A verdict in Saddam Hussein's long-running war crimes trial is finally near, and could come as early as Sunday morning. From Iraq, VOA's Benjamin Sand reports that security has been stepped up around the country, as officials there brace for a possibly violent backlash if the former Iraqi dictator is found guilty.
Military leaves have been canceled and Iraqi troops are on high alert.
A week ago, Saddam Hussein's defense lawyer warned that a guilty verdict in the lengthy trial could spark violence throughout the Middle East.
Former Iraqi President Saddam and seven co-defendants are being tried for allegedly ordering the murder in 1982 of nearly 150 people in the Shi'ite town of Dujail, north of Baghdad. The killings came after an attempt on Saddam's life.
The court in Baghdad has been hearing evidence in the case for 10 months. If convicted, the ousted Iraqi dictator could face the death penalty.
Whatever the verdict, many Iraqis say the trial has already stripped Saddam of his once almost mystical hold over the country.
"It's gone, totally gone," says an Iraqi. "We don't fear of him anymore, we don't fear. He don't have power anymore, he don't have his people who pray for him, not anymore. All this [is] gone, he's nothing, only a normal person now."
One possible measure of Saddam's diminished stature is the fact that public interest in the trial has appeared to wane considerably.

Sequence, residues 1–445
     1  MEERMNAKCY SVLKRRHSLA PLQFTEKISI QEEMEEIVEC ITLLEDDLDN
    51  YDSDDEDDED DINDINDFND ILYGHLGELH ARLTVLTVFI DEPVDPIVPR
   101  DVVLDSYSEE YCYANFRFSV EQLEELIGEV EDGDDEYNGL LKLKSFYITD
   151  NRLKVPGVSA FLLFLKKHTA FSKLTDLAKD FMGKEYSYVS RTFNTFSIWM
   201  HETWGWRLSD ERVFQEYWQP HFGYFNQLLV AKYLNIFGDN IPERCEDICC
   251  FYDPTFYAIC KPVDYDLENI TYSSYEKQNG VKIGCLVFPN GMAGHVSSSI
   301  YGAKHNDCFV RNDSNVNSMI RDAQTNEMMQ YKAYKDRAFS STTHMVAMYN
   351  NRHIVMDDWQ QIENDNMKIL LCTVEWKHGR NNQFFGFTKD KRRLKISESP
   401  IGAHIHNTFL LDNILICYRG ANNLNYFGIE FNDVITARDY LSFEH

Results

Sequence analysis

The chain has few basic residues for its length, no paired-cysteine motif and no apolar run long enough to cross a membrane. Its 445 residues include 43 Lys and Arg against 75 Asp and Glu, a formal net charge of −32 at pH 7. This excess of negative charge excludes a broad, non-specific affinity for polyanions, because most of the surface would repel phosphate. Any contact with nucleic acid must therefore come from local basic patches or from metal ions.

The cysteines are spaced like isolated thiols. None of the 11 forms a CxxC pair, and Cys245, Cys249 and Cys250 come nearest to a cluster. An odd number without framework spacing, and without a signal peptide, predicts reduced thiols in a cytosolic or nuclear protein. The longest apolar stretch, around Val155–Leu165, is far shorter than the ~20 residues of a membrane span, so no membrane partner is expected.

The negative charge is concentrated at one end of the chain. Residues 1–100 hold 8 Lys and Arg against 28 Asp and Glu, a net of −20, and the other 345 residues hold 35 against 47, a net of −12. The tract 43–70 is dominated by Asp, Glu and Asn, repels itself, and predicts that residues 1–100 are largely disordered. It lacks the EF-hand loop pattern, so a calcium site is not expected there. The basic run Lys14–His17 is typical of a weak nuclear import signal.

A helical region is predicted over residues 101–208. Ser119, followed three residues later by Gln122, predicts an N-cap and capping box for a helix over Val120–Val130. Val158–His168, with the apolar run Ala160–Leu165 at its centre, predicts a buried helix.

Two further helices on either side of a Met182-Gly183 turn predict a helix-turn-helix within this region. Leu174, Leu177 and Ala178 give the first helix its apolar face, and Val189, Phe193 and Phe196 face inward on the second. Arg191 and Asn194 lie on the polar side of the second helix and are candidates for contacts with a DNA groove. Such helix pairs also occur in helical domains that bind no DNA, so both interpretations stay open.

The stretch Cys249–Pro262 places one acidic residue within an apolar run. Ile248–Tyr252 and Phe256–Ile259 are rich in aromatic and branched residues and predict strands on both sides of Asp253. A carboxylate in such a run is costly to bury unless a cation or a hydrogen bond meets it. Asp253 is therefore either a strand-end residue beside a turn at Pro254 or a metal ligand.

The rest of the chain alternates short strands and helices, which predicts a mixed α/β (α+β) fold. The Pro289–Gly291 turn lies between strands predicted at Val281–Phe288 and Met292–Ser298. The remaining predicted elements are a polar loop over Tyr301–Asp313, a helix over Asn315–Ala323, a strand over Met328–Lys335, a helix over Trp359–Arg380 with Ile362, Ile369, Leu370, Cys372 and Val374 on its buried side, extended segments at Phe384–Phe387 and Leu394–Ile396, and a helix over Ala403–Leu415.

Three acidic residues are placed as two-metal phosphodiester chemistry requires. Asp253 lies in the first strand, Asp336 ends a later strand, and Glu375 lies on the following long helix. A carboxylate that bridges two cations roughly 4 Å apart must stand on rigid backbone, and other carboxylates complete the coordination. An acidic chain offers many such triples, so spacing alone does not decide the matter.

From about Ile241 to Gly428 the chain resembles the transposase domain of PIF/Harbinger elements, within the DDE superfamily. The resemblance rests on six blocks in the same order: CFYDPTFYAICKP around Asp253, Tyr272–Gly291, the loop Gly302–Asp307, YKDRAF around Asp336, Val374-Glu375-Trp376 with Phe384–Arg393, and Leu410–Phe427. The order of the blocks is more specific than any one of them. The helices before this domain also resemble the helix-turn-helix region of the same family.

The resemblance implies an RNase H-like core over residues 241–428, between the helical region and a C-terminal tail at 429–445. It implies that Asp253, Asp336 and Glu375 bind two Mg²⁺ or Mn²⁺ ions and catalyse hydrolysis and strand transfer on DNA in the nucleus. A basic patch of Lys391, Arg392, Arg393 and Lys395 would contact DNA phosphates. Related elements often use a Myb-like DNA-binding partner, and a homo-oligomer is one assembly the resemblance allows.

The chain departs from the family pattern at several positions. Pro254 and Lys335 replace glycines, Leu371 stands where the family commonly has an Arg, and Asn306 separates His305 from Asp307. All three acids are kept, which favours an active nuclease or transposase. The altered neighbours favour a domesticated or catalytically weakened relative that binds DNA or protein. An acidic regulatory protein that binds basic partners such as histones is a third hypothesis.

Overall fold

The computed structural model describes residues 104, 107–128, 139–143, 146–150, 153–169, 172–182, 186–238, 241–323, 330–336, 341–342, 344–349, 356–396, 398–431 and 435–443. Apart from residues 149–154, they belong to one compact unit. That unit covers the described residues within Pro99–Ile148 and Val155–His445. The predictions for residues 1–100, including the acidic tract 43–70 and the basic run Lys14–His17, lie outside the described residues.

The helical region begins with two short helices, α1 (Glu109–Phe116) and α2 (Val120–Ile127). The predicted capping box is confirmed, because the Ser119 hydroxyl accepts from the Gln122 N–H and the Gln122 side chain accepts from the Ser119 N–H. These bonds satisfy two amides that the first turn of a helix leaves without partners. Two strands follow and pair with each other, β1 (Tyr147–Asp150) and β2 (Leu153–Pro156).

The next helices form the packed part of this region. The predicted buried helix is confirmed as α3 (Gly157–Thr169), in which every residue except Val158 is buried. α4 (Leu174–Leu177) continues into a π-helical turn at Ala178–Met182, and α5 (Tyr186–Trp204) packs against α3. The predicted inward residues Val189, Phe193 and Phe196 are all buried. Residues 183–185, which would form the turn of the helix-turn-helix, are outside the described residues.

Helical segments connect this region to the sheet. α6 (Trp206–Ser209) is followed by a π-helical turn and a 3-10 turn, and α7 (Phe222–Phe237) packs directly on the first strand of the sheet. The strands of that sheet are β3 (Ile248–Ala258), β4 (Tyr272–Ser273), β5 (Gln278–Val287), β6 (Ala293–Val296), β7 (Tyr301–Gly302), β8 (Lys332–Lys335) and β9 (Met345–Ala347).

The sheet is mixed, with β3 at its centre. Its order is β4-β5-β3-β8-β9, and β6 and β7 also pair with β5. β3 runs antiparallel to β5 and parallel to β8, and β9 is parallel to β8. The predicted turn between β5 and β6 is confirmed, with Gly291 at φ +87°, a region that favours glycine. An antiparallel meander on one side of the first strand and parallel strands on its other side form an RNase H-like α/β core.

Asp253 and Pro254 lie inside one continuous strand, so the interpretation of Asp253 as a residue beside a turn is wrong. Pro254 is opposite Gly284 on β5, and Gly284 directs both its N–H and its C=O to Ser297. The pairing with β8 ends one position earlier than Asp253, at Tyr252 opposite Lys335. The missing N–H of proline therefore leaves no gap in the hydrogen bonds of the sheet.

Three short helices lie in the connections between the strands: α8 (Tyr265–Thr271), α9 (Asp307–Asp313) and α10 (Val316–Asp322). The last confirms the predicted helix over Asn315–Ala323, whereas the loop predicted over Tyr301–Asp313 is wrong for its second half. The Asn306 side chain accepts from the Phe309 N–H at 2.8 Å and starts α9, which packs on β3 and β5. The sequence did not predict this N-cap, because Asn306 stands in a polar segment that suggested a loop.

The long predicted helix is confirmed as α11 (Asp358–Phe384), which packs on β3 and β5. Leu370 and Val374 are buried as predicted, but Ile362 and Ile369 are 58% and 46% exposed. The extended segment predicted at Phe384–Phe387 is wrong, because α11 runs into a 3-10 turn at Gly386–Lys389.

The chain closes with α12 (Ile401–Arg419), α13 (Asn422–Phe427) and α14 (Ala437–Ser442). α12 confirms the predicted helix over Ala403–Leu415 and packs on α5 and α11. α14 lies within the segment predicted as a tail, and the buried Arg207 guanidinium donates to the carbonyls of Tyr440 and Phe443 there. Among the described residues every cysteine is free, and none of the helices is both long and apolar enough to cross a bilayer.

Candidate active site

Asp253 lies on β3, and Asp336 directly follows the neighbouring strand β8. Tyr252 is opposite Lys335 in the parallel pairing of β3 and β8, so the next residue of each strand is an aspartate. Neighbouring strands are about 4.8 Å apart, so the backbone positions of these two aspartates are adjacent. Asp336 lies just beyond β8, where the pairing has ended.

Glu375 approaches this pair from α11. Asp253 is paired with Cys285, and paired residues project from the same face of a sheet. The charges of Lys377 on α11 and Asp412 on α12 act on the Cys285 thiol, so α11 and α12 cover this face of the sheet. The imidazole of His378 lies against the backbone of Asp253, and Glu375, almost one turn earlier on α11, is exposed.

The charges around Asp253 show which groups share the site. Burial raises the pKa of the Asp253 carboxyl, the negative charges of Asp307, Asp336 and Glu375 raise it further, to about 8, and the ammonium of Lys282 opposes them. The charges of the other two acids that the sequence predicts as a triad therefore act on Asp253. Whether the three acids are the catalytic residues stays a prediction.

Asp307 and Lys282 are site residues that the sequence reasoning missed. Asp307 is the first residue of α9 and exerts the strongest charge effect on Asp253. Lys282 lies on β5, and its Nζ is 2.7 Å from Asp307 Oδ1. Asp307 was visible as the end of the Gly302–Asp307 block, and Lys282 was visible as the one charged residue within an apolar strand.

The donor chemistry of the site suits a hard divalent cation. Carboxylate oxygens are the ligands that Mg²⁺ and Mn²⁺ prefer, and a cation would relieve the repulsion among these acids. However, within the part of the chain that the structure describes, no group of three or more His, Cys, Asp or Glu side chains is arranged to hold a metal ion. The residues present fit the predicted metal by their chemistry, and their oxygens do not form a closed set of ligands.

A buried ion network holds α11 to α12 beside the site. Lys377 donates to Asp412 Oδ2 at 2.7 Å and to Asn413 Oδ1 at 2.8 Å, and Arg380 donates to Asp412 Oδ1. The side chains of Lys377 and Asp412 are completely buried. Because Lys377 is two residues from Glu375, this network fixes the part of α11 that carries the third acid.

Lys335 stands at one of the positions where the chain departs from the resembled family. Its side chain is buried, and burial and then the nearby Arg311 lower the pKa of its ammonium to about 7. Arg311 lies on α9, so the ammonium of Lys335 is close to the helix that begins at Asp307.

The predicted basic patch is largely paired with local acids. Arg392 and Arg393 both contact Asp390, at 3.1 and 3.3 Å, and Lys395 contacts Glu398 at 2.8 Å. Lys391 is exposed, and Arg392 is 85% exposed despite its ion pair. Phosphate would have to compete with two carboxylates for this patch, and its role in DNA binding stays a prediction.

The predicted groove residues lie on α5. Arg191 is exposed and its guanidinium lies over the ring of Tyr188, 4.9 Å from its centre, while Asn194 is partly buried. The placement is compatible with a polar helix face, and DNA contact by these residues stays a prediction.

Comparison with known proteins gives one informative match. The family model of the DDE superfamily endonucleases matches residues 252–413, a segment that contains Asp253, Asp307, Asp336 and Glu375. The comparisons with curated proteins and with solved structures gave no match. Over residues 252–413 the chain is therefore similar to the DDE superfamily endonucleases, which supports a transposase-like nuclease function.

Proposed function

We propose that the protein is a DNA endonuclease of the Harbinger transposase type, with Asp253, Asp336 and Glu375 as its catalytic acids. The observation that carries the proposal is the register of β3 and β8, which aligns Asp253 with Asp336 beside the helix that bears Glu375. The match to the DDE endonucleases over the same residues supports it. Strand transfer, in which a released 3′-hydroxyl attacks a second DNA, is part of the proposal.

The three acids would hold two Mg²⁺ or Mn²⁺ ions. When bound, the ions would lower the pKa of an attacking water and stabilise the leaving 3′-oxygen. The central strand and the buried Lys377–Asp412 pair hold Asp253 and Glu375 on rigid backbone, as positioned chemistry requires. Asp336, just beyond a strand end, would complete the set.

The proceedings are shown live on national television, but what with delays in court, and a surge in sectarian violence across much of the country distracting their attention, many people say they stopped watching months ago.
Twenty-nine-year-old Ali Hussein, an outspoken critic of Saddam, recently left Baghdad for the relative safety of the Kurdistan region in Northern Iraq.
He says the trial has taken a back seat to the struggle of many families here simply to survive the expanding violence.
"The most important thing in Iraq is how people can live safe and can we stop [the killing]," he said. "I don't care what's going to happen to Saddam Hussein. If he's going to be killed or not, if he's going to jail or not, what I care about is my family, my work in Iraq."
Saddam is being tried in two separate war crimes cases at the same time. In the second case, he is accused of genocide, stemming from the so-called Anfal campaign in 1988 against the Kurds of Northern Iraq.
A verdict in that second trial is not expected until sometime next year. However, if Saddam is convicted and condemned in the Dujail case, many Iraqi officials, including Prime Minister Nouri al-Maliki, are pushing for him to be executed quickly, even if the Anfal trial is still in progress.
But legal experts here say such quick action remains highly unlikely. If the first court does impose the death penalty in the Dujail case, the sentence would automatically be appealed to a nine-member appellate court. A final decision there could take at least several months.